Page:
About 5 months in, the 7 keys to what I call Creative Living; 7 keys to consciously
cultivating improved health, happiness, fulfillment and inner peace in your
life, came to me. I then began writing my first book “Learning
to Dance with Life: A Guide for High Achieving Women” which made #1 on
Amazon on launch day. It is a guide for women, as well as men, who constantly
“give” and “do” out of balance with “receiving” and “being”.
Burnout and adrenal fatigue are reaching epidemic
proportions. In May of 2019, the World Health Organization (WHO) revised its
classification of burnout from a medical
condition to an occupational
phenomenon. Their definition:
“Burn-out is a syndrome
conceptualized as resulting from chronic workplace stress that has not been
successfully managed. It is characterized by three dimensions:
- feelings of energy depletion or exhaustion;
- increased mental distance from one’s job, or feelings of negativism or cynicism related to one’s job; and
- reduced professional efficacy. ” 
The importance of this change in the WHO classification is
that it acknowledges that organizations and their leaders have a role to play
in reducing workplace stress; rather than burnout being perceived as a personal
medical issue, a sign of weakness and something to be hidden and ashamed of.
To learn more about burnout, its symptoms and causes see: https://pamela-thompson.com/how-to-know-if-youre-burning-out-what-to-do-about-it/
Proven Strategies and Powerful Practices
How can we as leaders
and changemakers turn this epidemic around? It starts with us, and our own lives. Here are
a few strategies I’ve personally found effective and have shared with coaching
and consulting clients around the world.
- Integrate mindfulness practices into your life daily. Mindfulness practices help us get out of our heads and into our bodies. They originate from Buddhism. Body scanning is a good place to start. Each morning on awakening scan your body from the top of your head to the tips of your toes. Notice any areas of tension or discomfort. Breathe into those areas and release them. Imagine them flowing out of your body. Mindfulness walking meditations are another practice. I recommend initially doing these 3 times a week for 15 to 20 minutes a day; for example, at a lunch break or immediately after work. Ideally do this outdoors in a park or in nature if possible. Focus on all of your senses. Hear the crunch of leaves underfoot, smell the salty sea air, view the beautiful vistas surrounding you, feel the wind on her cheeks. When thoughts come in to your head, imagine they are clouds. Let them drift by and resume focusing on all of your senses. Notice what you notice during the walking meditations and after.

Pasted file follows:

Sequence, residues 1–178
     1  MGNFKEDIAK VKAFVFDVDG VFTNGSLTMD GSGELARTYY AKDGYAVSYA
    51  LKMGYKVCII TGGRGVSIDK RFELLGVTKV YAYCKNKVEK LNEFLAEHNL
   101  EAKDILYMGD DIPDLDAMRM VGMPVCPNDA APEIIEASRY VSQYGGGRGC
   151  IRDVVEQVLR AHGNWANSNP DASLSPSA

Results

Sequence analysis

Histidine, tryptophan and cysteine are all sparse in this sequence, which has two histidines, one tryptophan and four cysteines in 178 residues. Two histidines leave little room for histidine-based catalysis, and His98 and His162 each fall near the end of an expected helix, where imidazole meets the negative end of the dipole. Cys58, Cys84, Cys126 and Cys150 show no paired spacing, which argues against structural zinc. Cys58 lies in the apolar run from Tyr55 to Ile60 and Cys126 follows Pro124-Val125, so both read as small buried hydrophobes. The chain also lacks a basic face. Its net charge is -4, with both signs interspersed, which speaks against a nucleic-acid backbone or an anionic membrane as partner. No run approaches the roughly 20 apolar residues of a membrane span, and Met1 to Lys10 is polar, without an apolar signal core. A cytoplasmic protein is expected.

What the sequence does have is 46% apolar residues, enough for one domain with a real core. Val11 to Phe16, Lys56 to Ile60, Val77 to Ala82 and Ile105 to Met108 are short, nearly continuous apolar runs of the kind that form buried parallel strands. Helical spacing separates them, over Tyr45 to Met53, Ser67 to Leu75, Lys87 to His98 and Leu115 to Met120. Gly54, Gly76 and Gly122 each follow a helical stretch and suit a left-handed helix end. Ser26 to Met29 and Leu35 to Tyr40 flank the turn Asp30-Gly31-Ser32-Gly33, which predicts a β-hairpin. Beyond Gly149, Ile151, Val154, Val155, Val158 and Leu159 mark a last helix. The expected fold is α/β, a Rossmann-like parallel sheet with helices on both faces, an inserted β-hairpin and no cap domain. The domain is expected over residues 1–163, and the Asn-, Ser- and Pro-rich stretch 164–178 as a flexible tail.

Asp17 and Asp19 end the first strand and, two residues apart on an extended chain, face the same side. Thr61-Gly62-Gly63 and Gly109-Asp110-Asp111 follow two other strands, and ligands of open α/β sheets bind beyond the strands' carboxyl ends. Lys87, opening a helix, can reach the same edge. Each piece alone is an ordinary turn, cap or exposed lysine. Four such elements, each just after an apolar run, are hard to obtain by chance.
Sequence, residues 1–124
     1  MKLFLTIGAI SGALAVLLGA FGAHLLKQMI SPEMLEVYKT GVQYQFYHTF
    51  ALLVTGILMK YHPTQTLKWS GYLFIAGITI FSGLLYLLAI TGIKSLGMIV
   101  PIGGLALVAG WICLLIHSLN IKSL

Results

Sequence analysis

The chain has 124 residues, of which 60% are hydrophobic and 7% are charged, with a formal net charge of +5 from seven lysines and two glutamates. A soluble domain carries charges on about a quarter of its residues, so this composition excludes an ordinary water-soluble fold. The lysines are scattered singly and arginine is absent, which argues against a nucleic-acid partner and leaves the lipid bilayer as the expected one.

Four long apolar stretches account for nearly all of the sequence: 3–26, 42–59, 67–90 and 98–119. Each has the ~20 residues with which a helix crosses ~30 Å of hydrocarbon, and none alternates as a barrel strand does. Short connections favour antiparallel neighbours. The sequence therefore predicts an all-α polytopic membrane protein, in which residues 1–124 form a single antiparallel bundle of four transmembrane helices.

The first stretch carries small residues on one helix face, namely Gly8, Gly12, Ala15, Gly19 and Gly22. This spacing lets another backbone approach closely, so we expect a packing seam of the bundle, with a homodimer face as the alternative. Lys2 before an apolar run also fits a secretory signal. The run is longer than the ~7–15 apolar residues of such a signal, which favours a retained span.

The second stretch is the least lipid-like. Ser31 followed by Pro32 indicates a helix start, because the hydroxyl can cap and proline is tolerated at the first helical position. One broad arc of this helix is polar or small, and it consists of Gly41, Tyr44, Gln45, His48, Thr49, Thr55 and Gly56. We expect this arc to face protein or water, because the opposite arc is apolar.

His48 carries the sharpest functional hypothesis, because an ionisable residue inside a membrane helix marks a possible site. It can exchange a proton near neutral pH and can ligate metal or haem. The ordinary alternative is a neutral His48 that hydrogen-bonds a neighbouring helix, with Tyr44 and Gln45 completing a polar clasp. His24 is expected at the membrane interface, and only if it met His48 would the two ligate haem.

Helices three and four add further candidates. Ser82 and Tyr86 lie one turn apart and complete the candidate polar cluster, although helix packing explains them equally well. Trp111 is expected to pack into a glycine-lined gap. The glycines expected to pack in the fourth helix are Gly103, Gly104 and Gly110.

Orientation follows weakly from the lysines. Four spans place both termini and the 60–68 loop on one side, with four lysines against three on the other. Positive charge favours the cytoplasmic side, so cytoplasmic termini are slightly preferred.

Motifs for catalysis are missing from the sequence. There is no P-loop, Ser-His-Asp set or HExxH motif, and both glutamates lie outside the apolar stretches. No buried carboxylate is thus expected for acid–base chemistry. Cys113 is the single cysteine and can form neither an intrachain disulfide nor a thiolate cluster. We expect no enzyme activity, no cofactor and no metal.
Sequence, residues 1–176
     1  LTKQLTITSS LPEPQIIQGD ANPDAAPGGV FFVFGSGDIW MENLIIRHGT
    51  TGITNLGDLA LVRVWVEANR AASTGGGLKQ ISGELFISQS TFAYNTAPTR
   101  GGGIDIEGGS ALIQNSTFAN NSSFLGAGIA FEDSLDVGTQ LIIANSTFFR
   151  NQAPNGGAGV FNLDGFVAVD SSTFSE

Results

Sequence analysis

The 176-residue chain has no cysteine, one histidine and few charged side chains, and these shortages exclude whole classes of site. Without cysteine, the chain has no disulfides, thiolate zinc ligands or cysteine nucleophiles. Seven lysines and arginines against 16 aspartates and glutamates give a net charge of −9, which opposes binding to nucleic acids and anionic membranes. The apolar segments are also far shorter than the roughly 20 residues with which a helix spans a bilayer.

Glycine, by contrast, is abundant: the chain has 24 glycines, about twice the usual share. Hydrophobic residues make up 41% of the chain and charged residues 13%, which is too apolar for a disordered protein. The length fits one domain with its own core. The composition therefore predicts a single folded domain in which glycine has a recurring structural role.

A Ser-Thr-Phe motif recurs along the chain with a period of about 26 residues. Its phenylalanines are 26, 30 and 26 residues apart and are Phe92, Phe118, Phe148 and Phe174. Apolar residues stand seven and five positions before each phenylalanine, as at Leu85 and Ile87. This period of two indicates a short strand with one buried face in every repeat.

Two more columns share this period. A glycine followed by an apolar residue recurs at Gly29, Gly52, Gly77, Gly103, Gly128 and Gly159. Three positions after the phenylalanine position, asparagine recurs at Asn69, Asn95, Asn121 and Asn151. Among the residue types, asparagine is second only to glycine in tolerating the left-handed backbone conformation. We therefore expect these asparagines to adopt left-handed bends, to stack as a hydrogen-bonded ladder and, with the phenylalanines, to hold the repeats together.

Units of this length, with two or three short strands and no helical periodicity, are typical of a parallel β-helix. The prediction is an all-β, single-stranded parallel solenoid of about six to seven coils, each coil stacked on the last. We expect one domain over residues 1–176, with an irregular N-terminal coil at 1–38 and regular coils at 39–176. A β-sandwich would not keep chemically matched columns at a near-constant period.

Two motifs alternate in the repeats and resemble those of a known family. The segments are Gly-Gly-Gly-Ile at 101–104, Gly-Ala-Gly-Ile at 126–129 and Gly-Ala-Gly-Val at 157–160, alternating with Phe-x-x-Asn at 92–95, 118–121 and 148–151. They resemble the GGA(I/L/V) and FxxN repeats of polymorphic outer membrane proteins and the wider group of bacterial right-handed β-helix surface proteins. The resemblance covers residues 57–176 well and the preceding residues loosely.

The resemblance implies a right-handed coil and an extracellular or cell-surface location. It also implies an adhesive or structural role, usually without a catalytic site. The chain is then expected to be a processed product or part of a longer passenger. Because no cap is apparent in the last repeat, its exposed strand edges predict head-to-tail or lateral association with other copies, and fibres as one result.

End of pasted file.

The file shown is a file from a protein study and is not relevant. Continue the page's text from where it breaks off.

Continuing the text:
- Listen to
and Trust in Your Body’s Wisdom. This is one of the 7 keys in my book. What
I know to be true is that our bodies always know the truth. Many of us were
raised in cultures that value and focus on our rational, logical left brain and
staying in our heads. Mindfulness practices help us get back into our bodies,
and learn to listen to and trust them. Try something as simple as when you feel
tired, go to sleep rather than pushing through that last task before heading to
bed. When a decision doesn’t feel right, try going with your gut rather than
rationalizing a decision. For more tools that assist you to learn to make
decisions using your body’s wisdom check out chapter 4 in Learning to Dance with Life.
- Tap into
and Express Your Creative Side. Is
there something you enjoy doing that when you do it you become immersed in it
and lose track of time? Could be film editing, painting, writing,
gardening, cooking … . Chances are when you have this experience, it is one of
your passions, and when you tune into it you are tapping into your creative
right brain. Usually you feel energized and positive while engaging in a
passion. When you are filled with childlike wonder you also get out of your
head and into your body. Regularly taking time to do something you enjoy that
is creative helps reduce the stress in your body and takes your mind off work.
- When you feel stressed Deep breathe in through your nose and out through your mouth consciously
making a noise on the out breath. Do this about three times and notice what
you notice. This practice stimulates the release of the hormone oxytocin that
relaxes us and makes us feel good.
- Set firm
boundaries; i.e. learn to say “no”. In order to do this it is helpful to
clarify your core values (For more info
on values see https://pamela-thompson.com/do-you-live-in-alignment-with-your-core-values/)
– and ask yourself: Is this activity or
this organization in alignment with my top 5 core values? Another
question to ask is: Will this activity
bring me joy? Do I have time to add this activity to my plate?
successes – big and small. Rather than checking a completed project or key
activity off your list and quickly moving onto the next, take time to celebrate
it with yourself and with other special people in your life. This can be as
simple as taking a moment to go inside yourself and acknowledging the work
you’ve done and feeling good about what you’ve accomplished. It could be
treating yourself to a massage, bubble bath or pedicure or going out for a
special dinner with a friend or partner.
I invite you to commit to integrating two or three of the above strategies into your life starting tomorrow. If you would like to learn more about how to stay happy, healthy and grounded while being successful in life and business check out my book Learning to Dance with Life – www.amazon.com/dp/B0145ZGDO2 – which is backed up by evidence from neuroscience, eastern psychology and the health-promoting and healing benefits of the arts.
I welcome your
experiences and comments below. What strategies have you found successful in
reducing work-related stress?